Using Castable Resin
Castable Resin is optimized for the best burnout performance, but developing a specific burnout and casting process is up to you. Below, we provide guidelines for a process that has worked well during our testing process.
Castable resin allows you to take the high resolution of the Form 1+ and capture it for investment through the mold making process. Developed specifically with burnout in mind, the resin burns out cleanly with no ash or residue, making it perfect for jewelry making, metalwork, and engineering applications.
Our Castable resin is designed to burn-out cleanly. We've tested the burn-out schedule below with great results using R&R Plasticast with BANDUST.
1. Preparing a Print for Investment Casting
Print and Finish Your Part
The casting process is a skill and an art form. For successful results, design of the piece to be cast is as important as the material it's printed with and cast into. You want to design for material flow, so when modeling, avoid sharp corners and moving from thick to thin profiles on the same piece.
Follow the normal post-print procedure:
- Allow part to fully dry after removing from the IPA bath.
- Carefully remove support material from your print.
- Gently sand away any support marks so they do not appear in your cast.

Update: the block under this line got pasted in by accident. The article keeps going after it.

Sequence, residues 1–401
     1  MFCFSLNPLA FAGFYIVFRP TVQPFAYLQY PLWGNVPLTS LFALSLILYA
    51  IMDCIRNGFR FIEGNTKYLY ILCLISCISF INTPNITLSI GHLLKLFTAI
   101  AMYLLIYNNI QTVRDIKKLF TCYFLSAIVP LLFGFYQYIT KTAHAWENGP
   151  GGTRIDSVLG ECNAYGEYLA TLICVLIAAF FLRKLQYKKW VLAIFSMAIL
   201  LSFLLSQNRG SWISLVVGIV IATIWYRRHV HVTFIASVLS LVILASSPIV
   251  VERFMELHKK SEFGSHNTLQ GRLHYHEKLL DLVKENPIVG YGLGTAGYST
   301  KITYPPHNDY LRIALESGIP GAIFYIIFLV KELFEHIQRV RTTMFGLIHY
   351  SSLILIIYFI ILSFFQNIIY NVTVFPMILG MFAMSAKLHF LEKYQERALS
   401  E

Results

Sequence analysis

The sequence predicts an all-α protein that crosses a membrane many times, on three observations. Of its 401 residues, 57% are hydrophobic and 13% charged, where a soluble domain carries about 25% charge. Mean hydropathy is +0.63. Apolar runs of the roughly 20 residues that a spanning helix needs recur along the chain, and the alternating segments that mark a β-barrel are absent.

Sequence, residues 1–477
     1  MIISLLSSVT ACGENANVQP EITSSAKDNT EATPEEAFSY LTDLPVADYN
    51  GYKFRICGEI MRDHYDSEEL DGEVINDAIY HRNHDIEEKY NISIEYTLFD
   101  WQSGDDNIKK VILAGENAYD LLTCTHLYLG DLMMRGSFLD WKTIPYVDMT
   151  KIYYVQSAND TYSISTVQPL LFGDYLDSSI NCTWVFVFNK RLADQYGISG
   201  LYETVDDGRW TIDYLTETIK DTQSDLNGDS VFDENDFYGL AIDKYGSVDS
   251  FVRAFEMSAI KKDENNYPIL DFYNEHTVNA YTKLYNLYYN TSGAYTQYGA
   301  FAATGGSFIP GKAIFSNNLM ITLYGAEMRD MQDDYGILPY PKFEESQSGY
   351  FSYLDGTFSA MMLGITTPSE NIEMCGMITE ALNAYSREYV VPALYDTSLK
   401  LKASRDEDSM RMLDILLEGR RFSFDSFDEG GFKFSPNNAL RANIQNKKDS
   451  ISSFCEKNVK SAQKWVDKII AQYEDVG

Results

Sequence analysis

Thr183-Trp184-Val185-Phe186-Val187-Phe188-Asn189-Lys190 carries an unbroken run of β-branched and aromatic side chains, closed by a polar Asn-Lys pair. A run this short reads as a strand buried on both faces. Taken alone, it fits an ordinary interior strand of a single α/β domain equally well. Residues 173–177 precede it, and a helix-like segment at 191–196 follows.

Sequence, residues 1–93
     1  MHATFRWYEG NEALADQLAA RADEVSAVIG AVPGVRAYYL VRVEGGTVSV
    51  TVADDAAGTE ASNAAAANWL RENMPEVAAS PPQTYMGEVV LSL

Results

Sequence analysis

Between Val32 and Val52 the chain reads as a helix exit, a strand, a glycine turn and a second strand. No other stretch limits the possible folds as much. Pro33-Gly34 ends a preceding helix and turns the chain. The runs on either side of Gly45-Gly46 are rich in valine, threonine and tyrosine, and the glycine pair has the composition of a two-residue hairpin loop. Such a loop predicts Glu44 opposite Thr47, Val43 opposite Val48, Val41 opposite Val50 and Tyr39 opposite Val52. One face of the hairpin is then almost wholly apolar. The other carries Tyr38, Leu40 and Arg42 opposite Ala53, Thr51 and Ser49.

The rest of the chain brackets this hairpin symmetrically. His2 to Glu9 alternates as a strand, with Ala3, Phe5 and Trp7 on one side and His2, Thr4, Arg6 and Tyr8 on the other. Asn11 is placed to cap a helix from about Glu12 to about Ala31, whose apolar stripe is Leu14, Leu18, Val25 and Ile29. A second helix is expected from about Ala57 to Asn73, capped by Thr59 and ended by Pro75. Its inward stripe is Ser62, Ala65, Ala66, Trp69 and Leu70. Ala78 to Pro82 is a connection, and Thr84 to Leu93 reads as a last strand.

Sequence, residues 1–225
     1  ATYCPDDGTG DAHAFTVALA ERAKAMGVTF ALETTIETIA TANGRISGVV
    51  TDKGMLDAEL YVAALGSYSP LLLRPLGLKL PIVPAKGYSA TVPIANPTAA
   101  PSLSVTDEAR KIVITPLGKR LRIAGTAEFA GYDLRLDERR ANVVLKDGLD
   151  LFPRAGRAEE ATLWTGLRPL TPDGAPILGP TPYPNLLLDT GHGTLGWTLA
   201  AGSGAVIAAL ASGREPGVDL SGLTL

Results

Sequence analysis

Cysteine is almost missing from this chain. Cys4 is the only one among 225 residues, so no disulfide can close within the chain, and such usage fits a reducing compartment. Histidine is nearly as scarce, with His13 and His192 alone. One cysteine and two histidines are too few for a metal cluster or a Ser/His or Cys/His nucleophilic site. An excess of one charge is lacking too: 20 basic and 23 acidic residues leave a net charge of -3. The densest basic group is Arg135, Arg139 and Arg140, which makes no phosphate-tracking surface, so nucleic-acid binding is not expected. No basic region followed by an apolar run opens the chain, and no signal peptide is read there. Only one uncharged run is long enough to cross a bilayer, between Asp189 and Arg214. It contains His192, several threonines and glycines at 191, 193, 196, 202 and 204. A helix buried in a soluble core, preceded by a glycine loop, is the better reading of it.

Unlike other Formlabs resins, do not finish the print with mineral oil after sanding.
- Post-cure the part in a UV chamber for at least 2 hours.
Post-curing is an essential step in preparing your part for casting. It will make the print stronger, leading to a crisp, cast piece. Skipping this step could lead to poor burnout performance.
Prep the Model for Casting
- Add wax sprues and gates to the print as you would for lost wax casting. Ideal positioning will vary with part geometry.
Instead of adding wax sprues post-print, you can build them into the part directly using your CAD design software.
- Attach the part to a rubber sprue base using softened wax. Make sure the wax is as smooth as possible.
- Attach a casting flask to the rubber sprue base.
2. Preparing the Mold
- Weigh and mix the investment according to the manufacturer's instructions.
- Degas the container with mixed investment in a vacuum chamber.
- Pour investment into casting flask.
- Degas the filled casting flask in the vacuum chamber again.
- Place filled casting flask on flat surface and allow to dry according to manufacturer's instructions.
- Remove the rubber sprue base and allow investment to dry for another 2 hours.
- Place casting flask in a furnace and heat according to the burnout schedule provided above.
Not following the burnout schedule provided may result in damaged parts.
- Remove the mold from the furnace.
- Cast as you normally would.
Casting is an involved process. For best results, work with a casting specialist.